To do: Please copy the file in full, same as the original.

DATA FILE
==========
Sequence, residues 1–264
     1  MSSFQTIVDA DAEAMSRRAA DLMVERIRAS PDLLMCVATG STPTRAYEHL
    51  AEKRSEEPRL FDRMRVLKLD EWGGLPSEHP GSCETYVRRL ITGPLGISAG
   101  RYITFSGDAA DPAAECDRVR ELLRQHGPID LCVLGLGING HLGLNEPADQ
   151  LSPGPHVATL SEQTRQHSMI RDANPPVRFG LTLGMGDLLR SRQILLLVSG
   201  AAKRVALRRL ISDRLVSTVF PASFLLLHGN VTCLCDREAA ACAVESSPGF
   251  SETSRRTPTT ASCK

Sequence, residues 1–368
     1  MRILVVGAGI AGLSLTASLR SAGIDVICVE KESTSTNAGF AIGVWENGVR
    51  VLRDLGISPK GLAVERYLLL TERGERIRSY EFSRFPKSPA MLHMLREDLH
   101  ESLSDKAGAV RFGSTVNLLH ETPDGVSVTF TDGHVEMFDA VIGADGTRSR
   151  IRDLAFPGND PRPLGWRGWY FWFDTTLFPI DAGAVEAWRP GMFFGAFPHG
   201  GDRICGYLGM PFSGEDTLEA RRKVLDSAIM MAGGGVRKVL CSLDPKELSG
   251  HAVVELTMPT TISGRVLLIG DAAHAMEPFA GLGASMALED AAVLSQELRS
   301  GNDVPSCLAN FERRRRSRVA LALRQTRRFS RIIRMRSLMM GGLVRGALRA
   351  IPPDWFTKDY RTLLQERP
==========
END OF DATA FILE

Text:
Sequence, residues 1–264
     1  MSSFQTIVDA DAEAMSRRAA DLMVERIRAS PDLLMCVATG STPTRAYEHL
    51  AEKRSEEPRL FDRMRVLKLD EWGGLPSEHP GSCETYVRRL ITGPLGISAG
   101  RYITFSGDAA DPAAECDRVR ELLRQHGPID LCVLGLGING HLGLNEPADQ
   151  LSPGPHVATL SEQTRQHSMI RDANPPVRFG LTLGMGDLLR SRQILLLVSG
   201  AAKRVALRRL ISDRLVSTVF PASFLLLHGN VTCLCDREAA ACAVESSPGF
   251  SETSRRTPTT ASCK

Sequence, residues 1–368
     1  MRILVVGAGI AGLSLTASLR SAGIDVICVE KESTSTNAGF AIGVWENGVR
    51  VLRDLGISPK GLAVERYLLL TERGERIRSY EFSRFPKSPA MLHMLREDLH
   101  ESLSDKAGAV RFGSTVNLLH ETPDGVSVTF TDGHVEMFDA VIGADGTRSR
   151  IRDLAFPGND PRPLGWRGWY FWFDTTLFPI DAGAVEAWRP GMFFGAFPHG
   201  GDRICGYLGM PFSGEDTLEA RRKVLDSAIM MAGGGVRKVL CSLDPKELSG
   251  HAVVELTMPT TISGRVLLIG DAAHAMEPFA GLGASMALED AAVLSQELRS
   301  GNDVPSCLAN FERRRRSRVA LALRQTRRFS RIIRMRSLMM GGLVRGALRA
   351  IPPDWFTKDY RTLLQERP